Friars Lay An Egg Versus Rutgers

After playing with toughness and passion in its first three Big East games, the Friars came out with little energy and fell to Rutgers, 85-72. The loss drops Providence to 11-6 on the season and 0-4 in the league, and more importantly, raises a number of serious questions.

The first big question to be answered is, was this game an aberration or the beginning of a bad pattern? The Friars had played well in losses to Syracuse and Pittsburgh and at least fairly well in a loss to St. John's, but had nothing to show for it. Against Rutgers, a team that looked to be very winnable on their schedule, Providence pulled a stinker of a performance.

The Friars, who have yet to win a true road game, played poorly on offense and defense, and gave up 85 points, including 52 in the second half, to a team that has struggled offensively. Rutgers carved up PC's defenses and scored at will in the paint. Freshman center Gilvydas Biruta manhandled PC's interior, as did forward Jonathan Mitchell. Although Rutgers outrebounded PC by just 41-35, the Friars' leading rebounder was guard Duke Mondy, with eight.

About the only Friar who performed well was Marshon Brooks. Brooks led a final surge in the first half with PC trailing 33-28, and his buzzer-beating lay-up put the Friars up by two at halftime, despite their ragged offensive play. In the second half. Brooks did most of his damage at the free throw line and only attempted six shots, finishing with 29 points. Brooks is having a senior season to remember, but has not had enough help. One of the questions coming into the season, was would Marshon disappear once Big East play rolled around, as he had in the past? So far, the answer is a resounding no, with 27 points against Syracuse, 20 versus St. John's, 28 against Pittsburgh and now 29 at Rutgers.

Getting more help for Brooks is a must. Sophomore point guard Vincent Council was disappointing against Rutgers, shooting just 2-13 from the field and with five turnovers against just three assists. Part of the reason for Council's struggles seem, to the eye, to stem from a lack of trust in his teammates. Council clearly trusts Brooks and he'll pass the ball to an open Mondy, but there have been times when he's grudgingly given the ball to Gerard Coleman and has not exhibited trust in feeding the ball to the Friar bigs. As a result, Council has forced some bad shots, missed open teammates and overdribbled at times, all while playing on tired legs.

The Friar frontcourt has underperformed in a big way as well. Bilal Dixon played just 14 minutes at Rutgers, scored two points and had zero rebounds. Speculation has suggested that all of the attention given to Greedy Peterson last year opened Bilal up for open looks and easy converts and that he's missing that this year, but Peterson's absence does not account for zero rebounds against Rutgers. Another theory is that Dixon is not fully healthy. Earlier in the year, there was a report of knee problems which resulted in his getting a knee drained and its possible that this injury is still hindering him and robbing him of his lift. Whatever the case, Bilal Dixon has not been the same player this year.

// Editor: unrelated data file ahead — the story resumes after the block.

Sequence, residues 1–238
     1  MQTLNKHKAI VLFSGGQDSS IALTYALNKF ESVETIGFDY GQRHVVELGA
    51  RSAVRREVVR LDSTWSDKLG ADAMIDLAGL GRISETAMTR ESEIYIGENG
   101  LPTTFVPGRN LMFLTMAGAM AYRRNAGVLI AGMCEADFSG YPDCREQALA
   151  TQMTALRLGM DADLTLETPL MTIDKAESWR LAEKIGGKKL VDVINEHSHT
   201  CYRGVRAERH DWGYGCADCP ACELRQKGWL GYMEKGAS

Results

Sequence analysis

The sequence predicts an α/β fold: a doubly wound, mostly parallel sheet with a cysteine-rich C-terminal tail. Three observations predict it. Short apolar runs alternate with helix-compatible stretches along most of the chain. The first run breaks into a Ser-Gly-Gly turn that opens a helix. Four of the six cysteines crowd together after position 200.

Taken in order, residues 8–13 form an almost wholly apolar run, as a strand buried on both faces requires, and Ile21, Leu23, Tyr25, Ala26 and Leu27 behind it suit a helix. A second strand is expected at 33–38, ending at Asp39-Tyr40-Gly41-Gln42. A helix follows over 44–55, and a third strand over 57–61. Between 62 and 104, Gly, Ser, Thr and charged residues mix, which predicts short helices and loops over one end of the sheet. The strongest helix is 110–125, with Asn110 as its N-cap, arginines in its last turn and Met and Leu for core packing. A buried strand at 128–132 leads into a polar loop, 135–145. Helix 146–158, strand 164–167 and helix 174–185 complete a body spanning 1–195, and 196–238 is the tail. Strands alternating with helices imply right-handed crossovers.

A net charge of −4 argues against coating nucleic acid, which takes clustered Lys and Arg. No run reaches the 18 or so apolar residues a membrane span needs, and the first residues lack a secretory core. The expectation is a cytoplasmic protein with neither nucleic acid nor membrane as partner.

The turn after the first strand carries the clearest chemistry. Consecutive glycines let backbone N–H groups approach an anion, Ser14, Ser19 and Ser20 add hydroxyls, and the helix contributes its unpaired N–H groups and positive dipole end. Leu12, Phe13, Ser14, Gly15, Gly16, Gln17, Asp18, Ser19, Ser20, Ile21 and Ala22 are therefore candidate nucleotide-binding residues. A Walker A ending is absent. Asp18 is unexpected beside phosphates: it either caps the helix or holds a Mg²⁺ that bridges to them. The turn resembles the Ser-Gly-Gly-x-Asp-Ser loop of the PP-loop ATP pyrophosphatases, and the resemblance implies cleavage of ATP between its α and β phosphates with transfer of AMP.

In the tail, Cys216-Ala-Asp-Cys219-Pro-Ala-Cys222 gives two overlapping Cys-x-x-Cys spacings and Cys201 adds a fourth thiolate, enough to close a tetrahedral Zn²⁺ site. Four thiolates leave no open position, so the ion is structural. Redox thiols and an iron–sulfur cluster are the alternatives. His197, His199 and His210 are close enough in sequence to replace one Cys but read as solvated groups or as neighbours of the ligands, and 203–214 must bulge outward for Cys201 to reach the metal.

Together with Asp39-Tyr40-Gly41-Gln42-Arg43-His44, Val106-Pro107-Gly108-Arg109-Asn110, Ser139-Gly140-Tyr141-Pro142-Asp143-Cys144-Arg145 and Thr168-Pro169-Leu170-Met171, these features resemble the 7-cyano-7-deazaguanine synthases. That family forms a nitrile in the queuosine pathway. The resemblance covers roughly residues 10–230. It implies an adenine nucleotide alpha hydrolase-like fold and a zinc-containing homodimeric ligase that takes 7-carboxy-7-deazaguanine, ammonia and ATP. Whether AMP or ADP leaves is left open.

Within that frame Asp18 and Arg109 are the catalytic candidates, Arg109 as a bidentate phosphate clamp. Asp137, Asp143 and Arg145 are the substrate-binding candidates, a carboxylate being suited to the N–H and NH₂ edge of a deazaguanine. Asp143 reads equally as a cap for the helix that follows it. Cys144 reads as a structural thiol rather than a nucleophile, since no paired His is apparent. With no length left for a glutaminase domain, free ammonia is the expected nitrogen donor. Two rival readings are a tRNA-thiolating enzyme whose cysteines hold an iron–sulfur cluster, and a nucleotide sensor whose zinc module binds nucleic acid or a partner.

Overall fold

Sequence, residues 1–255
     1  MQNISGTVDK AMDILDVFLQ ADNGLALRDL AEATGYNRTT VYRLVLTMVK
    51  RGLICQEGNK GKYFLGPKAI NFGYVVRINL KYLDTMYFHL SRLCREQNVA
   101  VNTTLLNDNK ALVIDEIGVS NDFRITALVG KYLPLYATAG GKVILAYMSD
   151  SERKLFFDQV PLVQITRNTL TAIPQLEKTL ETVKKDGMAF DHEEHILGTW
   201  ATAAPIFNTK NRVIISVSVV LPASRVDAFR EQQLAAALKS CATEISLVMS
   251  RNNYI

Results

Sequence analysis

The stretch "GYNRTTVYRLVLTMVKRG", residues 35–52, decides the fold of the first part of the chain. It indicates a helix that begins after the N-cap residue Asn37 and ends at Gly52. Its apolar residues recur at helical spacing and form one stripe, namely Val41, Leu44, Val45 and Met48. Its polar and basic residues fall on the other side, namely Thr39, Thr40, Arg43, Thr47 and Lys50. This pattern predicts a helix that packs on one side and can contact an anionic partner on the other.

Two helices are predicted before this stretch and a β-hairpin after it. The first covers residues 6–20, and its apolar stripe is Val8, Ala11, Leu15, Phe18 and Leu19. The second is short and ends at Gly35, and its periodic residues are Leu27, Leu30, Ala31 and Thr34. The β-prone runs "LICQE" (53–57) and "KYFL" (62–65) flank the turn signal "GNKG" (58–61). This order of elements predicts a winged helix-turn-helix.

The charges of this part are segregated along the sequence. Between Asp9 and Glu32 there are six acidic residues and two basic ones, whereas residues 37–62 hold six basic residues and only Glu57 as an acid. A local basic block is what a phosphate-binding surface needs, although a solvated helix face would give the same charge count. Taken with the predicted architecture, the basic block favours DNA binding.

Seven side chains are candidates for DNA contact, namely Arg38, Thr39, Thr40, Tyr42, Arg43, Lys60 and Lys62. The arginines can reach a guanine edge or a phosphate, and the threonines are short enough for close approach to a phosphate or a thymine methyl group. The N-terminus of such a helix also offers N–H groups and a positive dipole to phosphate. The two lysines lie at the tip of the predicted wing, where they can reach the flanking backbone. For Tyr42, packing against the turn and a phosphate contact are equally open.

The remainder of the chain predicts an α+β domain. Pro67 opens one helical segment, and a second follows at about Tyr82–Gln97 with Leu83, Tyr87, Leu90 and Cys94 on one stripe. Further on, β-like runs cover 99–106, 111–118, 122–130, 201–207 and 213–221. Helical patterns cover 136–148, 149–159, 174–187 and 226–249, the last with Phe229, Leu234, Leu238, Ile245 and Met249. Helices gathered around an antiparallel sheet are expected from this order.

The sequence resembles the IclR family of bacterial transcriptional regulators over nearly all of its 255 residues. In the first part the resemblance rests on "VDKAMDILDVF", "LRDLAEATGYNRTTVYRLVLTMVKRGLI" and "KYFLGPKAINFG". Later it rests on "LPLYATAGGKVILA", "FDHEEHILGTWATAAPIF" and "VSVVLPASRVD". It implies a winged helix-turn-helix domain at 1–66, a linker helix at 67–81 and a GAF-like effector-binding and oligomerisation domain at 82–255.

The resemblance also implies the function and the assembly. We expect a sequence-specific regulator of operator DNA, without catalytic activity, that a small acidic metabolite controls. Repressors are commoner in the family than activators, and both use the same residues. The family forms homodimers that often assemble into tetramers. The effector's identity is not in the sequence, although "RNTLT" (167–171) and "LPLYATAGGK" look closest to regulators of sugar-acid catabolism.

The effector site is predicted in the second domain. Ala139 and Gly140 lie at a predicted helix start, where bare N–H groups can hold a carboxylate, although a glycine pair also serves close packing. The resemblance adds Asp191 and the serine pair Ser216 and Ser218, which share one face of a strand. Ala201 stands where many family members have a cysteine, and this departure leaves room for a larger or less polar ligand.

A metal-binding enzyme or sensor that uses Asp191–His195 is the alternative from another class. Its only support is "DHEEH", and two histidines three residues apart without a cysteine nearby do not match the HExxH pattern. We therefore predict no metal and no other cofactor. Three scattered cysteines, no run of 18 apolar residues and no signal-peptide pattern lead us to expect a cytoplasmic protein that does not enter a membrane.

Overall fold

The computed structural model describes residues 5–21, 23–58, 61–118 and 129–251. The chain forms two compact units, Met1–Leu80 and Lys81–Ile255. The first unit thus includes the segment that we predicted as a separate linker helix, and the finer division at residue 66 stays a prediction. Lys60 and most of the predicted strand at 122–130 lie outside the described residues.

The other big who has been seeing significant time has been Kadeem Batts. Batts has clearly improved but still has a ways to go. He also struggled against Rutgers and while his offense is coming around, his defense leaves a lot to be desired. At times, Batts plays soft, and without an effective Dixon, PC's interior is vulnerable. Make that more than vulnerable. In the past several games, PC has been getting torched in the paint, especially when opposing teams break the Friar pressure. Add to that the fact that PC's big men often bobble passes into the post and the production factor of the frontcourt becomes pronounced.

The shooting problems that PC has suffered this season, manifested themselves again versus Rutgers. Other than Brooks, this is just not a very good shooting team. Council shot 2-13, Coleman was 4-14 and has yet to play well on the road, Mondy shot 2-8 and is very inconsistent, Batts was 1-4. While these players have certainly put up better numbers in other games, to think that they will become a consistently good shooting team at this point, is wildly optimistic. Now, you can survive poor shooting performances if you play great, lock-down defense, but PC gave up 85 points to Rutgers, allowed Rutgers to shoot 54%, and is allowing teams to score easily and often inside.

After an 11-2 start with a reasonably soft non-conference schedule, this has become a season about getting better as a program and as individuals. Against Pittsburgh, PC played hard and tough and had every chance to win. They got better. They did not get better against Rutgers. In fact, they got appreciably worse.

There is little margin for error with this edition of the Friars. If Providence does not come out to play and to play hard in any game, they will likely lose. That is exactly what happened against Rutgers. Play that way for the rest of the season and PC will lose every game. Play hard and tough and smart, and the Friars have a chance at success and turning this around. All eyes will be on the West Virginia game on Thursday. That will begin to answer the question of whether the Rutgers game was an aberration, or if the disappointment of the previous losses have taken their toll on this team.

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